Scientists report finding COVID-19 in stool samples – even with a negative respiratory test result. Now, they suggest stool testing may be a better option for COVID-19 screening.
Researchers previously established a link between COVID-19 and the gut microbiome. Now, for the first time, they’ve found that people with COVID-19 can also have an active and prolonged infection of the SARS-CoV-2 virus in their gastrointestinal (GI) tracts.
Active Infection Detected in Stool
A research team in Hong Kong has found the first known signature of active gut viral infection in a subset (47%) of patients with COVID-19, even in the absence of GI symptoms. This suggests a potential inactive or ‘quiescent’ GI infection of SARS-CoV-2.
Notably, they found that stool samples with high SARS-CoV-2 infectivity had a higher abundance of certain pathogens, Collinsella aerofaciens, Collinsella tanakaei, Streptococcus infantis and Morganella morganii. Meanwhile, faecal samples with a low-to-none signature had a higher abundance of short-chain fatty acid producing bacteria, such as Parabacteroides merdae, Bacteroides stercoris, Alistipes onderdonkii and Lachnospiraceae bacterium 1_1_57FAA.
Stool samples with high SARS-CoV-2 infectivity had a higher abundance of certain pathogens.
Stool tests were positive among people who had no GI symptoms and, in certain cases, even up to 6 days after nasopharyngeal swabs yielded negative results. Moreover, since this infection can even persist after recovery, it seems that coronavirus could be present in the guts of asymptomatic carriers.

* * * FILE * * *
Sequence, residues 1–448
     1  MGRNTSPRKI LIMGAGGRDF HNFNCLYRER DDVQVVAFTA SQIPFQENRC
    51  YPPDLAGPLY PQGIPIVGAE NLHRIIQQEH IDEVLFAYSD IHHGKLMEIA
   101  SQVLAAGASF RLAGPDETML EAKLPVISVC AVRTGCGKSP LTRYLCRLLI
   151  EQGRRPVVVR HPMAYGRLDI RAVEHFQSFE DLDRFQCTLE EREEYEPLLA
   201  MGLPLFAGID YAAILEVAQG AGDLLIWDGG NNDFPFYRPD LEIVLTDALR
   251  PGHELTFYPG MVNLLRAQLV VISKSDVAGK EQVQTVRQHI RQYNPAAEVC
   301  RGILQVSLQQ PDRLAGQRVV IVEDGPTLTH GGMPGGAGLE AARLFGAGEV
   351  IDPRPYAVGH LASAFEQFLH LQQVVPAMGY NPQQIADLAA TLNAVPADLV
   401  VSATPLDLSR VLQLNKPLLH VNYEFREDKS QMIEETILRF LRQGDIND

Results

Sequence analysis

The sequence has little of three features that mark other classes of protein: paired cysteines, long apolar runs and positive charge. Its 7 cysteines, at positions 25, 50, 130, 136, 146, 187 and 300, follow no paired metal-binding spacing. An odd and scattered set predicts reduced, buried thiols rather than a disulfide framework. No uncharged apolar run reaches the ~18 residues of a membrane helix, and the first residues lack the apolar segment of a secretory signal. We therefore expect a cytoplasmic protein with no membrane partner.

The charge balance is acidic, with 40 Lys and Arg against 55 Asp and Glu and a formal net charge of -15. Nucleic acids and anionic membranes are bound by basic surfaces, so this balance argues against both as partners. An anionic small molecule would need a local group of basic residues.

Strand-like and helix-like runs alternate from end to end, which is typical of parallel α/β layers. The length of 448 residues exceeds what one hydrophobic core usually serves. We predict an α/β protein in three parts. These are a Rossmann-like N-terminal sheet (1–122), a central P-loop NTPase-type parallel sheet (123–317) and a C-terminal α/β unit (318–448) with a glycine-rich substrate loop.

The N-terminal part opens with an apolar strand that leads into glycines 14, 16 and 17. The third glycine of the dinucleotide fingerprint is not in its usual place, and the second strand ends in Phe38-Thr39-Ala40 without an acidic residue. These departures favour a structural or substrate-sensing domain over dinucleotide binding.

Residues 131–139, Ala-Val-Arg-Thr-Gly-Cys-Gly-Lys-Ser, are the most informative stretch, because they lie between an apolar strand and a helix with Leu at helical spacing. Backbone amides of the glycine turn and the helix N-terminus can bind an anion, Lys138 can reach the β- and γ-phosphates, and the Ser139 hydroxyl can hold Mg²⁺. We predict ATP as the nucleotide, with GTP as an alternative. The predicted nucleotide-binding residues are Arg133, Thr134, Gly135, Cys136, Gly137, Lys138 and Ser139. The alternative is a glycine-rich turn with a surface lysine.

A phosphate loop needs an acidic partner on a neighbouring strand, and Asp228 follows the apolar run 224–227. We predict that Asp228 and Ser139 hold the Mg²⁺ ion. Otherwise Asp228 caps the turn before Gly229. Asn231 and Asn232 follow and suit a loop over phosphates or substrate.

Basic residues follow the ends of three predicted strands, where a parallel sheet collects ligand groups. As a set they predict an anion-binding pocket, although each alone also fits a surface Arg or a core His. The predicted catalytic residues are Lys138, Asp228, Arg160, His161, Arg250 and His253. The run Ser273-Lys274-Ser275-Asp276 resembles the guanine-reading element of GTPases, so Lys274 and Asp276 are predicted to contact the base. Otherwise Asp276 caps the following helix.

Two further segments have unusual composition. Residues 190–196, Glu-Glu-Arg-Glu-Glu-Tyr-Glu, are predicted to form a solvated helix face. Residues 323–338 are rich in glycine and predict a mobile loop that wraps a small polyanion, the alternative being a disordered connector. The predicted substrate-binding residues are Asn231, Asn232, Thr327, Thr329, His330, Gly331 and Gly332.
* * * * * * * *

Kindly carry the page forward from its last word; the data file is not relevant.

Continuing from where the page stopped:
Still, this was a small pilot study that involved 15 people hospitalized with COVID-19 in March and April. Participants were aged between 22 to 71 years, and all presented with respiratory symptoms. More research is needed to draw further conclusions.
Stool Testing for COVID-19
Compared to nasopharyngeal sampling, stool specimens are “more convenient, safe and non-invasive to collect in the pediatric population,” professor Paul Chan, chairman of the Department of Microbiology, CU Medicine, said. “This makes the stool test a better option for COVID-19 screening in babies, young children and those whose respiratory samples are difficult to collect.” Furthermore, the team also emphasises the need for long-term coronavirus and health surveillance, given the potential threat for fecal-oral transmission.
This makes the stool test a better option for COVID-19 screening.
Ultimately, given that diarrhea has been noted as a very common symptom of COVID-19, it seems that stool testing may become more of the norm when montoiring patients for COVID-19. In the meantime, remember to observe strict personal and toileting hygiene, and stay vigilant about any disruptions to your digestive habits.